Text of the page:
An Economic Analysis Of Smallholder Dairy Productjon In Kiambu District, Kenya.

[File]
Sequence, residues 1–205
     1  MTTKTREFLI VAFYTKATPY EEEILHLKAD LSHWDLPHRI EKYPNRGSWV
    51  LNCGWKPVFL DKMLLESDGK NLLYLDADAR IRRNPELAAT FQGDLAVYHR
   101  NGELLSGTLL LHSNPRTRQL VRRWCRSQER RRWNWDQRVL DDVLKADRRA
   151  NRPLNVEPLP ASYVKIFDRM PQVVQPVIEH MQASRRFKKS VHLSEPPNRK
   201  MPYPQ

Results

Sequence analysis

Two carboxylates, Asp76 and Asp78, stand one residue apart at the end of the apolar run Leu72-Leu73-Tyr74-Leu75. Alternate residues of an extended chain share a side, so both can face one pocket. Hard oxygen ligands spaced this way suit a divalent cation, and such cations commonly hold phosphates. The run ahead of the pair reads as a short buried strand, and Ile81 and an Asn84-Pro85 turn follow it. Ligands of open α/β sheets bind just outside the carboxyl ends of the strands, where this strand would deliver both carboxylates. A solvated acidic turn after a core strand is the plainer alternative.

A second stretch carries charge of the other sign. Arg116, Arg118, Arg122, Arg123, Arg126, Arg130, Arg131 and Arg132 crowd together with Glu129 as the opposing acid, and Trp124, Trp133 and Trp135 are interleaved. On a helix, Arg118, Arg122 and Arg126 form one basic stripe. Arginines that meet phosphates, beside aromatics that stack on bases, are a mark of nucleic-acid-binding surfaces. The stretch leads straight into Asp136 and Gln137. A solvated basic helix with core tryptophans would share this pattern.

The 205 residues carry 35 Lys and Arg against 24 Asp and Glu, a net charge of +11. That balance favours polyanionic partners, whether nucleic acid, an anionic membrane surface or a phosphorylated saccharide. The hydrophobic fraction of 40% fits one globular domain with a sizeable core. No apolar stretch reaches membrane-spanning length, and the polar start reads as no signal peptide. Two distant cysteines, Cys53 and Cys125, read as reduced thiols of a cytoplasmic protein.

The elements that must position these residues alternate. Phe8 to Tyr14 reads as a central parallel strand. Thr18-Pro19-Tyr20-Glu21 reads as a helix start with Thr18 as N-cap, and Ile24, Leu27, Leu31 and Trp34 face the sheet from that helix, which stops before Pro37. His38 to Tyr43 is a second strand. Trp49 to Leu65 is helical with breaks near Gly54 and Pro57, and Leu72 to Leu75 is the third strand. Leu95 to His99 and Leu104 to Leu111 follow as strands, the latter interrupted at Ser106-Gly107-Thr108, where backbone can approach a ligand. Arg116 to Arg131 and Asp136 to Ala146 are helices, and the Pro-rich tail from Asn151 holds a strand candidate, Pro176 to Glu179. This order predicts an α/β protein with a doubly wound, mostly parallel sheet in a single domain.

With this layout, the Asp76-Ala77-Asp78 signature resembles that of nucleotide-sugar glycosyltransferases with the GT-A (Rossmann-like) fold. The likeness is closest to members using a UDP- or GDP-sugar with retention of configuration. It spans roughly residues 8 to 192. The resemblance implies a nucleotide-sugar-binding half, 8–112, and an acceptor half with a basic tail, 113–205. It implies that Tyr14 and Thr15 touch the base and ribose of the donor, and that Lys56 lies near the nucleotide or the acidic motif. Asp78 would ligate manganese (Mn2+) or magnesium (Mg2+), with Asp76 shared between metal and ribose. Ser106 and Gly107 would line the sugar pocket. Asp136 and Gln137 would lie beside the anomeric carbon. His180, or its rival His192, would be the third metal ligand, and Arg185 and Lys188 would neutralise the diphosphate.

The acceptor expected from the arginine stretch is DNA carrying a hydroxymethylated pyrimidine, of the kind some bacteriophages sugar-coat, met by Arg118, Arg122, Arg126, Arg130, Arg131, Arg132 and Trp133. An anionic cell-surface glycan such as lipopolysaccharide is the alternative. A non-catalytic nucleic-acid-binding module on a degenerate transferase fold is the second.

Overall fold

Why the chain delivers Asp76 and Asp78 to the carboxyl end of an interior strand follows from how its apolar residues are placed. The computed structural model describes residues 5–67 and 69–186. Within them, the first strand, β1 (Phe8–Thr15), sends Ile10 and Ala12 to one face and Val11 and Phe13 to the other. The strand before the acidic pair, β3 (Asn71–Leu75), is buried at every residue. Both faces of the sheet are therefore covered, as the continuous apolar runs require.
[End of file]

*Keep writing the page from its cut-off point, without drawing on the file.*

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The purpose of this study was to analyze the economics of smallholder dairy production in Kiambu District, Kenya. As high potential agricultural land sizes diminish in Kenya, it is critical that farmers attain high levels of economic efficiency to contribute to household food security and to overall national development. The specific objectives were to "test for both allocative efficiency among dairy farmers and relative economic efficiency" between large and small dairy farms categorized by herd size of the milking cows. It was anticipated that the results from this study would have policy implications permeating both the micro- and macro-economic levels. Data were obtained from randomly selected dairy farms in Kiambu. Two stage stratified random sampling technique was used to select the farms to participate. The first stage involved the random selection of 6 of the 14 dairy societies in the district. The second stage included randomly selecting 15 dairy farms from each selected dairy society list, giving a total of 90 farms. A Cobb-Douglas form of production function model was fitted on 57 farms with complete data, using the major inputs the dairy farmers were using after other functional forms were tested and found unsuitable. Results indicated that concentrates and hired labour were positively and statistically significant (5%) in influencing milk yields while forage was negatively and statistically significant (1%) in influencing milk yields. The latter was an unexpected sign for the variable and could only be attributed to either its poor quality or measurement problems. Operating capital positively and significantly (10%) influenced milk yields. A test for efficiency of resource allocation showed that concentrates were being allocated inefficiently (below optimal level) while there was efficiency in the use of operating capital, hired labour, family labour and by-products. An important conclusion from these results is that substantial increases in milk yields and farm profits could be realized from increasing the levels of use of concentrates above the levels presently being fed. It is recommended that: (1) farmers be educated on the benefits of increasing the current level of concentrate feeding to their animals; (2) ways be found of removing constraints, such as lack of credit and inadequate feed supply, currently affecting the accessibility to concentrates by farmers and (3) preservation technologies be taught to farmers so that they manage fodder and other excess feeds more efficiently to feed their animals during times of scarcity. Profit function analysis showed that small and large farms had equal economic efficiency. The regression coefficients for concentrates and operating capital were both positively and significantly influencing farm profits at 1%. The rest of the variables included in the model were not significant at 5%. The main conclusion from this finding is that small and large farms have equal economic efficiency. Therefore, the results of this study confirm that there are no significant differences between small and large farms (categorized by herd size criterion). Since the majority of these farms were actually smallholders by acreage criterion, they belonged to the same population and, therefore, the confirmation of equal economic efficiency in dairy production. Given the above results, the main strategy to increase productivity should be geared towards facilitating intensification of land use patterns by ensuring farmers have access to land-saving technologies (e.g. zero grazing and irrigation) in a diminishing land size situation and appropriate information to make profitable use of such technologies.